It has been shown previously that the transcription factor NF-κB and its inhibitor IκBα shuttle constitutively between cytosol and nucleus. Moreover, we have recently demonstrated nucleocytoplasmic shuttling of the NF-κB-inducing kinase NIK, a component of the NF-κB pathway, which is essential for lymph node development and B-cell function. Here we show that nuclear NIK also occurs in nucleoli and that this localization is mediated by a stretch of basic amino acids in the N-terminal part of the protein (R143-K-K-R-K-K-K149). This motif is necessary and sufficient for nucleolar localization of NIK, as judged by nuclear localization of mutant versions of the full-length protein and the fact that coupling of these seven amino acids to GFP also leads to accumulation in nucleoli. Using fluorescence loss in photobleaching (FLIP) and fluorescence recovery after photobleaching (FRAP) approaches, we demonstrate a dynamic distribution between nucleoli and nucleoplasm and a high mobility of NIK in both compartments. Together with the nuclear export signal in the C-terminal portion of NIK that we have also characterized in detail, the nuclear/nucleolar targeting signals of NIK mediate dynamic circulation of the protein between the cytoplasmic, nucleoplasmic and nucleolar compartments. We demonstrate that nuclear NIK is capable of activating NF-κB and that this effect is diminished by nucleolar localization. Thus, subcellular distribution of NIK to different compartments might be a means of regulating the function of this kinase.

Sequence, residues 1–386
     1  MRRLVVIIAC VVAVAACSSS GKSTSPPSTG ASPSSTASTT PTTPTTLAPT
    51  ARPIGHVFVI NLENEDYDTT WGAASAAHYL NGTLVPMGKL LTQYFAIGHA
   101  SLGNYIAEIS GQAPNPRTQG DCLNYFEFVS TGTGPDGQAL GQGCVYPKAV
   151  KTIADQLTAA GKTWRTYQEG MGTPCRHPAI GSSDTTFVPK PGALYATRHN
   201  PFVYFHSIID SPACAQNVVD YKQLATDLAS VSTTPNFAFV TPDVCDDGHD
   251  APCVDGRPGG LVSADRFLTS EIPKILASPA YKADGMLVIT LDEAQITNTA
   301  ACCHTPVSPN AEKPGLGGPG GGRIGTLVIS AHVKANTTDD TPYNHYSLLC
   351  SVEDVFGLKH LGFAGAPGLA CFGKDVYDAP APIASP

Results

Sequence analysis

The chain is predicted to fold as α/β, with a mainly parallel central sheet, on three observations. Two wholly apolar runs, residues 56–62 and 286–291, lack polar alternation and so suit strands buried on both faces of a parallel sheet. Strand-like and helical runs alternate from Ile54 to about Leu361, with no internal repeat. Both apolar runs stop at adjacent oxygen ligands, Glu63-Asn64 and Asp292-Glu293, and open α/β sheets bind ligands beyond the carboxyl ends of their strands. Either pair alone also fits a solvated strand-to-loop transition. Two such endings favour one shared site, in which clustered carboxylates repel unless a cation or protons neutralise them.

Transcriptional activators of the nuclear factor-κB (NF-κB)/Rel family have a central role in the inducible expression of a large number of genes involved in inflammation, host defense, cell survival and proliferation (de Martin et al., 2000; de Martin et al., 1999; Ghosh and Karin, 2002). NF-κB can be activated by many distinct stimuli, including pro-inflammatory cytokines such as TNFα or IL-1, but also physical stress such as UV- or γ-irradiation, reactive oxygen intermediates and virus-derived dsDNAs or RNAs. The activating signals are transduced by signaling cascades that converge on the IκB kinases (IKKs) that phosphorylate the NF-κB inhibitory molecules, including members of the IκB family and inhibitory domains of NF-κB precursors, leading to their ubiquitination and subsequent degradation by the proteasome. NF-κB is then freed and its steady state localization is shifted to the nucleus where it binds to specific sequences on chromosomal DNA. Upstream of the IKKs, several proteins have been identified that are thought to convey signals from receptor complexes. Amongst these are several members of the MAP 3kinase (MAP3K) family of kinases, including MEKK1 and the NF-κB-inducing kinase, NIK. Originally NIK was identified as a binding partner for the tumor necrosis factor (TNF) receptor associated factor 2 (TRAF2) and therefore thought to be the kinase transducing signals from this central inflammatory receptor (Malinin et al., 1997). However, genetic data from mutant mice showed NIK to be involved in alternative NF-κB signaling pathways: naturally occurring mutant mice with the alymphyoplasia (aly/aly) mutation, which lack lymph nodes and Peyer's patches, were shown to contain a point mutation in the C-terminal part of NIK (Shinkura et al., 1999). This mutation (G855R) is thought to disrupt interaction of NIK with an upstream member of the TRAF family. A complete disruption of the NIK gene (Nik–/–) leads to the same phenotype, which is reminiscent of lymphotoxin β receptor knockout mice [Ltβr–/– (Futterer et al., 1998)]. Indeed, cells from Nik–/– mice showed normal response to TNFα or IL1 treatment, while NF-κB activation in reaction to LTβ was impaired (Yin et al., 2001). Since aly/aly mice, show a cell-autonomous defect in B-cell function in addition to the LTβR–/– phenotype (Karrer et al., 2000; Yamada et al., 2000), at least one other ligand/receptor pair is involved in NIK signaling and was identified to be the TNF receptor family member CD40 (Coope et al., 2002). Moreover, similar defects as in aly/aly and Nik–/– mutants have been observed in Nf-κb2–/– mice. This member of the NF-κB family of transcriptional activators is generated by proteolytical processing of the p100 precursor by the proteasome, giving rise to the mature NF-kB2/p52 protein. Indeed, introduction of the aly mutation into NIK blocks its ability to promote p100 processing in transfected cells (Xiao et al., 2001), an effect which seems to be mediated by the IKK1 subunit of the IKK complex. IKK1 is the IKK subunit that is preferentially phosphorylated by NIK (Ling et al., 1998) and triggers proteasome-mediated processing of p100 to p52, which can then undergo nuclear translocation (Senftleben et al., 2001). Thus, NIK, IKK1 and p100/p52 seem to be components of a NF-κB activation pathway which relies on regulated NF-κB2 processing rather than IκB degradation and is necessary for secondary lymphoid organ development and B cell maturation.